Jak inhibitors continue to be the most active area of drug development for RA. At the 2016 EULAR Congress held June 8-11 in London, many presentations focused on important aspects of RA management including the optimization of methotrexate dosing, value of ultrasound-assisted treatment strategies, and tapering of biologics dosages. However, data on novel therapies highlighting new opportunities in RA were rather sparse. While the early-stage pipeline remains active in the $14 billion G7 RA market1, drugs in late-stage development are those in existing drug classes such as the Jak and the IL-6 inhibitors. In particular, several Jak inhibitors—baricitinib, filgotinib, ABT-494, peficitinib—are in late-stage development in RA and likely to reach the market by the end of the decade.
How is Xeljanz, the first Jak inhibitor, faring in RA? The FDA approval of Xeljanz in 2012 was initially met with great expectations and excitement as the first oral agent with efficacy in the range of biologics. However, uptake in the U.S. has been slower than expected, as physician perception of the safety and the high price of Xeljanz have largely relegated its use in RA patients failing multiple biologics. Xeljanz has also been unable to achieve regulatory approval for RA by the EMA. In 2015, Pfizer reported U.S. sales of $470 million for Xeljanz and global sales of $609 million, far below analysts’ sales estimates of $1.6B by 2016.2
Xeljanz’s potential to reach blockbuster status was further dampened by the FDA’s rejection of Xeljanz for psoriasis in October 2015, suggesting that analysts’ consensus peak sales of $2-3 billion may be a far reach based on the agent’s performance and regulatory history to date. However, Pfizer continues to seek development in other indications including ulcerative colitis (see DRG blog post on emerging therapies in UC), Crohn’s disease, and psoriatic arthritis. And Xeljanz sales will continue to grow in RA, as uptake in earlier lines of therapy will increase as physicians gain more confidence in the agent’s long-term safety. At the 2016 EULAR Congress, Pfizer presented several posters highlighting the long-term safety of Xeljanz. In one poster presenting pooled safety data for up to 8 years, in more than 4800 patients and almost 15,000 patient-years of Xeljanz exposure, the incidence rate (IR) of serious infections was 2.8 per 100 patient-years3, which is comparable to the range of incidence rates observed with all RA biologics in a meta-analyses study.4 Other safety signals were consistent with those observed at earlier timepoints, including the risk of herpes zoster infections (IR: 4.0/100 patient-years).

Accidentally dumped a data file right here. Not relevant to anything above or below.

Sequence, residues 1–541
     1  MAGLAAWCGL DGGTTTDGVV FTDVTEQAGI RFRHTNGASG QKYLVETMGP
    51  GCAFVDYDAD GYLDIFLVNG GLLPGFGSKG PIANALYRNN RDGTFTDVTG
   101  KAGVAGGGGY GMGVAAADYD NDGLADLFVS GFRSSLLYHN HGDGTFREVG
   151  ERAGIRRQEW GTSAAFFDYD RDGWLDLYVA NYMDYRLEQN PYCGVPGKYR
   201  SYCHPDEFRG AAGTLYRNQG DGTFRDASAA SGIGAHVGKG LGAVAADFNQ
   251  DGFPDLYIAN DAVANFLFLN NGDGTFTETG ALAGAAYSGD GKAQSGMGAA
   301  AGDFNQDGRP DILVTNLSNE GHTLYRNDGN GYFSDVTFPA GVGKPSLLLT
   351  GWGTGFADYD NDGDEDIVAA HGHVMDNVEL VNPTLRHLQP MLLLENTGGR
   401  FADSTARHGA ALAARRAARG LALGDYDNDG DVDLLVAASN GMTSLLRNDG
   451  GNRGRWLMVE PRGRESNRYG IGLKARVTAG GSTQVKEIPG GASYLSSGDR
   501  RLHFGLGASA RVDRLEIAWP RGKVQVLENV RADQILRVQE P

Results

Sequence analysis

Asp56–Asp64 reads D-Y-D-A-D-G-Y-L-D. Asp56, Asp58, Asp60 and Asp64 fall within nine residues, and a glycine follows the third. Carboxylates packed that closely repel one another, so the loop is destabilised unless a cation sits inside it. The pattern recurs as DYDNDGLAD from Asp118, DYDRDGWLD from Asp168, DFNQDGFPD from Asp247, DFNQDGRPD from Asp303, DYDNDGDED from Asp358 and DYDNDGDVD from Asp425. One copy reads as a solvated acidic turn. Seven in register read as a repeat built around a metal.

The second Jak inhibitor, baricitinib, on the horizon for RA. Eli Lilly/Incyte’s Jak inhibitor baricitinib was filed for regulatory approval in the U.S., Europe, and Japan for RA in early 2016. Remarkably, in the Phase III RA-BEAM trial, baricitinib demonstrated statistical superiority to Humira on various efficacy end points including the ACR response rates5, supporting the use of baricitinib as a first-line agent in methotrexate-refractory RA patients. (In contrast, Xeljanz’s head-to-head trial against Humira was not powered to detect statistical significance.) At the 2016 EULAR Congress, new one-year results from RA-BEYOND demonstrated that treatment with 4 mg, once-daily baricitinib statistically significantly reduced radiographic inhibition in conventional DMARD-refractory patients6, further supporting its robust efficacy in RA.
The integrated safety data from baricitinib’s clinical program with more than 3400 patients and 4200 patient-years of exposure to baricitinib were presented for the first time at EULAR.7 No new safety signals emerged and only those known to be associated with Jak inhibition such as serious infections, increases in LDL/HDL and creatinine levels were observed. The incidence rate of serious infections was 3.2/100 patient-years, and like Xeljanz, baricitinib is also associated with a greater risk of herpes zoster reactivation (IR= 3.4/100 patient-years), suggesting a class-specific safety signal.